Friday, April 11, 2008

How Do You Choose to Self-Identify?

This week I’ve been working with D’Lo, a performance artist presenting his solo piece, Ramble-Ations at the Bride this weekend. I’ve been communicating with him for at least 8 months, but we hadn’t met face-to-face until Tuesday.

D’Lo is by gender a female, but self-identifies as a man and I wasn’t aware of this until his director pulled me aside and asked me to refer to D’Lo as he, not she. I immediately replied, “No problem,” but to be honest, it’s been more challenging than I expected and I’ve slipped up quite a bit over the last few days. Thankfully, D’Lo and his crew has been patient with me and the rest of our staff as we’ve haltingly tried to adjust our perception and respect the fact that this is how D’Lo has chosen to self-identify.

Although we present gay/lesbian/queer work throughout our season, it wasn’t until this week that I’ve knowingly interacted with someone who self-identifies other than how they physically appear to me. Yes, in many instances, D’Lo may be mistaken for a boy, with her shaved head, hip-hop swagger and baggy pants, but once he opens his mouth or you look closely, you can definitely sense the female form.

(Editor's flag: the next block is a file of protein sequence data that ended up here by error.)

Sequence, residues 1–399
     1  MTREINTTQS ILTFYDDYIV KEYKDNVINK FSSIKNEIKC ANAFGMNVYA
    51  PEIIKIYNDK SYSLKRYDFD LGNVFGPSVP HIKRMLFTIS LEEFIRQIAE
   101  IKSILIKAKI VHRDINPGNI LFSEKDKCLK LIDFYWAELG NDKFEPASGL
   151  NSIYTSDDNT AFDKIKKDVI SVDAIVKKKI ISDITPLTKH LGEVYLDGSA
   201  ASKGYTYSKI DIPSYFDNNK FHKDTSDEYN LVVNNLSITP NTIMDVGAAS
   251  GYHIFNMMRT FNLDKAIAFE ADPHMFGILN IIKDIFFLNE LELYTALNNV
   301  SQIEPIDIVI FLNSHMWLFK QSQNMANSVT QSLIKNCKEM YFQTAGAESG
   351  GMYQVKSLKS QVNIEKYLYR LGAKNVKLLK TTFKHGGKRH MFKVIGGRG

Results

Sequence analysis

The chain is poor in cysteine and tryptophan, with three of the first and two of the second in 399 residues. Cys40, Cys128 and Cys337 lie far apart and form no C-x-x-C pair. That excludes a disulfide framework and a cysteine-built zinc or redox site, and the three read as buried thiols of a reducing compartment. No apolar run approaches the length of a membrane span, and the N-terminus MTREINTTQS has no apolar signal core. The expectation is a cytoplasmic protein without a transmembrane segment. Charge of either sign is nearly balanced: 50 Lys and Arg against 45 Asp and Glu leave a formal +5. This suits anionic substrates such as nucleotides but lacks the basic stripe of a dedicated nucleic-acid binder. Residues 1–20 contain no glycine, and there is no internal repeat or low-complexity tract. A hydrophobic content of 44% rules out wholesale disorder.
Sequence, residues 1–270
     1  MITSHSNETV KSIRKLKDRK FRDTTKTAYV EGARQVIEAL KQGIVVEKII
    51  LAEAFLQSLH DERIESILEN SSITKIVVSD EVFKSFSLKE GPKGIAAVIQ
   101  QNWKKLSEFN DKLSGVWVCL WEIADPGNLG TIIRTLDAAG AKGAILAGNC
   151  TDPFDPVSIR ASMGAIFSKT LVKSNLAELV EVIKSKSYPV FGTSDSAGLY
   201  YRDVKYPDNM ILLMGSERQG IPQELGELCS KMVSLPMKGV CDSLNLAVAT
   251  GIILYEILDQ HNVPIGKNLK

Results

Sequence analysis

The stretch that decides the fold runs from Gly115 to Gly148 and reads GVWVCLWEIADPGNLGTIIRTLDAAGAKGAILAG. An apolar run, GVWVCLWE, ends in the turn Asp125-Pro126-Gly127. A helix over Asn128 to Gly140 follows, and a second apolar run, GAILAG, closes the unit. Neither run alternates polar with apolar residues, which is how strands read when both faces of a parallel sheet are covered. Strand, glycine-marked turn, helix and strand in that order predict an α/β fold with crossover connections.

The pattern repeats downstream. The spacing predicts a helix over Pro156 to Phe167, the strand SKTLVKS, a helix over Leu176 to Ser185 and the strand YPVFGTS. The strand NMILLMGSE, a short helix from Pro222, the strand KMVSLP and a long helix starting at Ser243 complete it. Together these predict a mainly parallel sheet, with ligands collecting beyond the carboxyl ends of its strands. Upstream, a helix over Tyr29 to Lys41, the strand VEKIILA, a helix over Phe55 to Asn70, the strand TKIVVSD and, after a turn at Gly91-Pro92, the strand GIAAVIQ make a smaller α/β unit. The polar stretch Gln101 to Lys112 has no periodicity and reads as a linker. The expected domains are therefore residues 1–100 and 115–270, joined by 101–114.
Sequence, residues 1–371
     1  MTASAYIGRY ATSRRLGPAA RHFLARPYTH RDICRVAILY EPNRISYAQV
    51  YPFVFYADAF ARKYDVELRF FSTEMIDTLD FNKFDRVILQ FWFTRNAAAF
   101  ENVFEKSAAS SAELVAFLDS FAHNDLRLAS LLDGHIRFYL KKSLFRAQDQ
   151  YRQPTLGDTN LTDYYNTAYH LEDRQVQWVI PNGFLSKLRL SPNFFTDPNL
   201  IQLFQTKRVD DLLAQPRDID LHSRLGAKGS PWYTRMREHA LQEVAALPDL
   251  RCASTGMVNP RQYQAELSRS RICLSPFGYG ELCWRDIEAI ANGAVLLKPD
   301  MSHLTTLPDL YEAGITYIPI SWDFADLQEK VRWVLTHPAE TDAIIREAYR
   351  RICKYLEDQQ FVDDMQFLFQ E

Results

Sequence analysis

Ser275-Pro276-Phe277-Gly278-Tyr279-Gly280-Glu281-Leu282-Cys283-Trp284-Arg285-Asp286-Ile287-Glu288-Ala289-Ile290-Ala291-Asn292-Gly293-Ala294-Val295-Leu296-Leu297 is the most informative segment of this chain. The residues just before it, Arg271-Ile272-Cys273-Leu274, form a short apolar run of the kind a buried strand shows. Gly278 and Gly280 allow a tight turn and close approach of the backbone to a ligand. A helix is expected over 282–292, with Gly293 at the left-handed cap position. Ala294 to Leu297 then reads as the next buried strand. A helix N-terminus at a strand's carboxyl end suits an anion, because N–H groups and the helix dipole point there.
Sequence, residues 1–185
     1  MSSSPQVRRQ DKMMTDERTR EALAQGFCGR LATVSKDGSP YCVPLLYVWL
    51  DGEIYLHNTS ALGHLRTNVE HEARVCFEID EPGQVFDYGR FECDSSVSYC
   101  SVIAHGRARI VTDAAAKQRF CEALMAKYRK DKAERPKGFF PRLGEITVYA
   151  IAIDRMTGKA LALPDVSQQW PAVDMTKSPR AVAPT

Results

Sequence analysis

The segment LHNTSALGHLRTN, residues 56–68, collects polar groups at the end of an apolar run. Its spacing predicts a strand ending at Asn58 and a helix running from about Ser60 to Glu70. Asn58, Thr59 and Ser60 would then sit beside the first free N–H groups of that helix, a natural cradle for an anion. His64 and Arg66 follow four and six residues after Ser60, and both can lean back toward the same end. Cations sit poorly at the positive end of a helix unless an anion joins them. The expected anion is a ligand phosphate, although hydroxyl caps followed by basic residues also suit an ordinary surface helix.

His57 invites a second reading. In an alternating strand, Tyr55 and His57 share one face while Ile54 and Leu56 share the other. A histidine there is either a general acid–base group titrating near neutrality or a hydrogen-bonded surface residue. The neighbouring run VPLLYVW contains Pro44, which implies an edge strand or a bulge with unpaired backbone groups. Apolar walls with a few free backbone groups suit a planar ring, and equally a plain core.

D’Lo’s choice of self-identification may sometimes put him in precarious situations. Fortunately, he’s not living in a back hick town as depicted in Boys Don’t Cry, but even in metropolitan or urban areas, you find dangerously ignorant folks who want to make their point by putting their hands on you. D’Lo seems to be innately aware of potential dangers that may abound and his demeanor is thoughtful and understated.

The process of self-identification reaches beyond sexual orientation. We all do it. We all have a choice. Most of us simply assume the identity thrust upon us via our family, friends, society, but imagine the strength and resolve necessary to self- create your identity. Right now, I self-identify as a mother, wife, daughter, friend, arts worker, storyteller. I’ve always self-identified as an African-American, but in today’s society, we do each other a disservice to simply look at the color of someone’s skin, the kink of their hair or their choice of wardrobe to assume how they may self-identify.

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